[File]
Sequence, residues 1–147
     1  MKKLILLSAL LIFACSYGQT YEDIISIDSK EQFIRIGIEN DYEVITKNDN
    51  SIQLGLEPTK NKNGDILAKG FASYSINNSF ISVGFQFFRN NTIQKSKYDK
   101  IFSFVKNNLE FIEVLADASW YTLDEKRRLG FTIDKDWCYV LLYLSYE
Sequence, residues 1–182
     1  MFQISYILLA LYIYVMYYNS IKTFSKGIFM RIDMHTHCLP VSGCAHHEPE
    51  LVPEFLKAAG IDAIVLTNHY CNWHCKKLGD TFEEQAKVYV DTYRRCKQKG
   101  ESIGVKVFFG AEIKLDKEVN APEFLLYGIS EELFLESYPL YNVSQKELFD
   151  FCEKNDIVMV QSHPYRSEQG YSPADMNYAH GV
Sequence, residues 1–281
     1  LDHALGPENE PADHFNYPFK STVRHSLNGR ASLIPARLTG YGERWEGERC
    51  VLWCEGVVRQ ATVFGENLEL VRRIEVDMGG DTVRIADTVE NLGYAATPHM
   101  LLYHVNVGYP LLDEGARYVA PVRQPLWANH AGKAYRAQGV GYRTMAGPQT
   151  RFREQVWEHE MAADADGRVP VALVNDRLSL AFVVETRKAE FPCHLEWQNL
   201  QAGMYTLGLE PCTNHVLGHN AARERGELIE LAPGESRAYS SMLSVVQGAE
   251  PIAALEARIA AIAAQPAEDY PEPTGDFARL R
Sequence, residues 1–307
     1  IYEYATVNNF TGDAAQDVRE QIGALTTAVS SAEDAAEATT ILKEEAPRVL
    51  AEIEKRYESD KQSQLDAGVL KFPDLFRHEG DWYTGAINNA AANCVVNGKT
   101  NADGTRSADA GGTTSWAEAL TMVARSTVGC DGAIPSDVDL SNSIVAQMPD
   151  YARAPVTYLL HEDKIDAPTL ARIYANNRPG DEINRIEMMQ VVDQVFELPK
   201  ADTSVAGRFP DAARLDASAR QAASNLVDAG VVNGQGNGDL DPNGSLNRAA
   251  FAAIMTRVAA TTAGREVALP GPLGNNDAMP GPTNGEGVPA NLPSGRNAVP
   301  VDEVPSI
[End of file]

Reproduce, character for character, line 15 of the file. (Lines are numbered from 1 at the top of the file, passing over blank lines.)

   201  QAGMYTLGLE PCTNHVLGHN AARERGELIE LAPGESRAYS SMLSVVQGAE